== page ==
, Volume 15, Issue 4, pp 357-367
Date: 11 Oct 2012

Recent Advances in the Methods of Cost-Benefit Analysis in Healthcare

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Abstract

This paper outlines recent advances in the methods of cost-benefit analysis (CBA). Economic evaluations in healthcare can be criticised for, amongst other things, the inappropriate use of incremental cost-effectiveness ratios and the reporting of benefits in terms of cost savings, such as treatment costs averted. Many such economic evaluations are, according to the ‘scientific’ definition, CBAs. The ‘balance-sheet’ (or opportunity cost) approach is a form of CBA which can be used to identify who bears the costs and who reaps the benefits from any change. Whilst the next stage in a CBA, as defined in health economics, would require that all costs and benefits be valued in monetary terms, the balance-sheet approach, however, advocates that available monetary values can be augmented by other measures of cost and benefit. As such, this approach, which has a theoretical basis, is proposed as a practical prescription for CBA and highlights the notion that unquantified benefits are important and can be included within CBAs even when monetarisation is not possible.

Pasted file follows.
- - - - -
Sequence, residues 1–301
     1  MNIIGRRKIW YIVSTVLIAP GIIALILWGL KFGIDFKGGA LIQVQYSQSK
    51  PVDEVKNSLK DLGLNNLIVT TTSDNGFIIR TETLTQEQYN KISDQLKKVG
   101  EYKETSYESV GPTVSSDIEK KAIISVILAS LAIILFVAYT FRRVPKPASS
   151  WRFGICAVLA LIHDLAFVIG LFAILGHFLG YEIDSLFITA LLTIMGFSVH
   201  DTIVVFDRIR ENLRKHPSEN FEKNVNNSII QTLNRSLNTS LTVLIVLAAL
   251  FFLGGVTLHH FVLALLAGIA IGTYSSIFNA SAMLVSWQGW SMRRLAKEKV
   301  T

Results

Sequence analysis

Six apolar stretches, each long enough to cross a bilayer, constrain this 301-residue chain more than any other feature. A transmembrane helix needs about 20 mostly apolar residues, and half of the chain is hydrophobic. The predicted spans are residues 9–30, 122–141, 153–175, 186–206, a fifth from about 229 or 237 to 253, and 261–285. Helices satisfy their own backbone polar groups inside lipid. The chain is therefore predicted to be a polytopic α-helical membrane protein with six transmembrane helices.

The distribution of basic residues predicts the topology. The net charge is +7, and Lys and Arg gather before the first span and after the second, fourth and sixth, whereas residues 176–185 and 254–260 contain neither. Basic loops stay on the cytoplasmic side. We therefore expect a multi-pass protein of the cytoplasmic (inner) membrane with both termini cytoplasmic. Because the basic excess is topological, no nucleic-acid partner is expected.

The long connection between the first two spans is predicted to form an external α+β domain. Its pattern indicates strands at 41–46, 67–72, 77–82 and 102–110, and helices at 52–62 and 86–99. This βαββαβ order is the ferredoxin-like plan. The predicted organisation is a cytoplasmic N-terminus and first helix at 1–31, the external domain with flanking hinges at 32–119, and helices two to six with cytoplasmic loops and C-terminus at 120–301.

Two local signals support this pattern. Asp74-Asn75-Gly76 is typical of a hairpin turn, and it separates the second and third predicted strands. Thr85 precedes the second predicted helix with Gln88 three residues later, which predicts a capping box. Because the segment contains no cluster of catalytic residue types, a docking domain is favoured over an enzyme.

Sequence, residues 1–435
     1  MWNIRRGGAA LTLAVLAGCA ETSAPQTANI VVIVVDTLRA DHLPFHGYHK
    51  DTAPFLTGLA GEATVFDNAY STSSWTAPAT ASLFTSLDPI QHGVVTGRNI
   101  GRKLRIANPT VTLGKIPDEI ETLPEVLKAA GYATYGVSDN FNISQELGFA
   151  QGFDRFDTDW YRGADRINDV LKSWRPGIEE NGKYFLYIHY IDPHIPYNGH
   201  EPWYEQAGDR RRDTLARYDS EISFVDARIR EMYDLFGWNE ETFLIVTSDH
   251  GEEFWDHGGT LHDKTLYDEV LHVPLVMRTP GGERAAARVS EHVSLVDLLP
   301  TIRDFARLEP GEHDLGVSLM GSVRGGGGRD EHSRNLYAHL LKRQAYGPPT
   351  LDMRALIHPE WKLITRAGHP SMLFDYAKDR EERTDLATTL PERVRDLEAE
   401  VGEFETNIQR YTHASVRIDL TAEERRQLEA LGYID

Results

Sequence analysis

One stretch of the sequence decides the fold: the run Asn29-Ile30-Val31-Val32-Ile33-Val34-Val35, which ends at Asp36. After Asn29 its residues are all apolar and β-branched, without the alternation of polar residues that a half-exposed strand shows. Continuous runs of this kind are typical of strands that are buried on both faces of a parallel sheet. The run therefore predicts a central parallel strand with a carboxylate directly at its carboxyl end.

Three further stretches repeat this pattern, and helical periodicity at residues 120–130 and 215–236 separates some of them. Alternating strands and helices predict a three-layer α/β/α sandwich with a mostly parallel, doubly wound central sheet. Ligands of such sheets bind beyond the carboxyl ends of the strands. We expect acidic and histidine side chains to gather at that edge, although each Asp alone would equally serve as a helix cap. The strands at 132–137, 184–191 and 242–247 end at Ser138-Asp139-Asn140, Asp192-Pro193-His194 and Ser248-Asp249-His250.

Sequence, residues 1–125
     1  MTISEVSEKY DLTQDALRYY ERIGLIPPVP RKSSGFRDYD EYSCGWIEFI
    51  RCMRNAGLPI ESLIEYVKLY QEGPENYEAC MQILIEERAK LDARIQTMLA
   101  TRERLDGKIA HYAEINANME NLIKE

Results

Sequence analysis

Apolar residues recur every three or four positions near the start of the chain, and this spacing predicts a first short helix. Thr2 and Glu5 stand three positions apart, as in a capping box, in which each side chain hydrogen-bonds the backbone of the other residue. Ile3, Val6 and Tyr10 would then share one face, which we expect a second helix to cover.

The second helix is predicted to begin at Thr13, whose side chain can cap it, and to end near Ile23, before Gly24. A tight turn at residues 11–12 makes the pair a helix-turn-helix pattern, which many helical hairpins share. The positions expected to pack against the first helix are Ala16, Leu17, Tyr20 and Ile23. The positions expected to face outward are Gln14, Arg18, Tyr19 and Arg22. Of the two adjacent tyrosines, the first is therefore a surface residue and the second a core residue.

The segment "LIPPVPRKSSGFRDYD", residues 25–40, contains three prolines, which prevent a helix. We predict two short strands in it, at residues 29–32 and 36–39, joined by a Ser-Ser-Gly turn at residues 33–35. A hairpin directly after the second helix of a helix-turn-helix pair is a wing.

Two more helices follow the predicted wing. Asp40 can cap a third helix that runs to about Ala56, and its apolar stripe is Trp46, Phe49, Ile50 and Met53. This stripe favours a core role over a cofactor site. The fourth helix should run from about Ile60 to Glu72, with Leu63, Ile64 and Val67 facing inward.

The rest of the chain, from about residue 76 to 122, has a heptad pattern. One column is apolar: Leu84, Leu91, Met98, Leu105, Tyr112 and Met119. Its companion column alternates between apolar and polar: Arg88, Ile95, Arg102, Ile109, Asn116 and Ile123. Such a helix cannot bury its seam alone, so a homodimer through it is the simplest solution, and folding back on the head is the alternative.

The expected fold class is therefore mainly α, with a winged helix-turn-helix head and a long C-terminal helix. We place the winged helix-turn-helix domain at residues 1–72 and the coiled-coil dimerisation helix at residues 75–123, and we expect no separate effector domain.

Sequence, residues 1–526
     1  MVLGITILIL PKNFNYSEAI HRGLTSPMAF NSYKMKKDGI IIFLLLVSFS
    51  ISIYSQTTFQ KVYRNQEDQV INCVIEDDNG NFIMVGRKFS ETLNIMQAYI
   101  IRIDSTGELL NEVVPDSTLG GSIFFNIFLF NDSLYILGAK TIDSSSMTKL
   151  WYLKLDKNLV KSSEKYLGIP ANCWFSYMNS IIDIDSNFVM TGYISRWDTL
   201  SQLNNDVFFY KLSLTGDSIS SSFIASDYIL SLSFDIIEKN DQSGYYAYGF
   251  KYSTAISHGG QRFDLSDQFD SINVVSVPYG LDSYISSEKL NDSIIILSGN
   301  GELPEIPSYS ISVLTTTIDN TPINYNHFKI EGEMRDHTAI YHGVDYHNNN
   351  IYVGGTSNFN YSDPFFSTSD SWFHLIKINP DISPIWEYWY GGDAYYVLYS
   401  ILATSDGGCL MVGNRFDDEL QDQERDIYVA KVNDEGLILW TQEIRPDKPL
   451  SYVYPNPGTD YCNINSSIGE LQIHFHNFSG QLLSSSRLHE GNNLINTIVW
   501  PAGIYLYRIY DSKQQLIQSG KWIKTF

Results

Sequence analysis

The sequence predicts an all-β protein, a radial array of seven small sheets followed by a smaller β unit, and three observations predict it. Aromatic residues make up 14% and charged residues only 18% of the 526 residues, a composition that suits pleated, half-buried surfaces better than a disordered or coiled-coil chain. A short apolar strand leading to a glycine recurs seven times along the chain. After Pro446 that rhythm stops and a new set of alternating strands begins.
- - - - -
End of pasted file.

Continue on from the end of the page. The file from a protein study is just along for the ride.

Recent methodological developments in monetary valuation for use in CBA are the development of the technique of willingness to pay, the use of conjoint analysis (CA) to elicit willingness-to-pay (WTP) values and advances in the debate on the inclusion of production gains in CBAs. Whilst acknowledging that there have been developments in each of these areas, it is claimed there has also been progress in using CBA as a framework for evaluation, as reflected by the balance-sheet approach.

The paper concludes by stating that almost all types of economic evaluation have an element of the ‘cost-benefit’ approach in them. The important issue is to focus on the policy question to be addressed and to outline the relevant costs and benefits in a manner which assists the evaluation of welfare changes resulting from changes in healthcare delivery. The focus should not be on moulding a question to fit a hybrid definition of an analytical technique.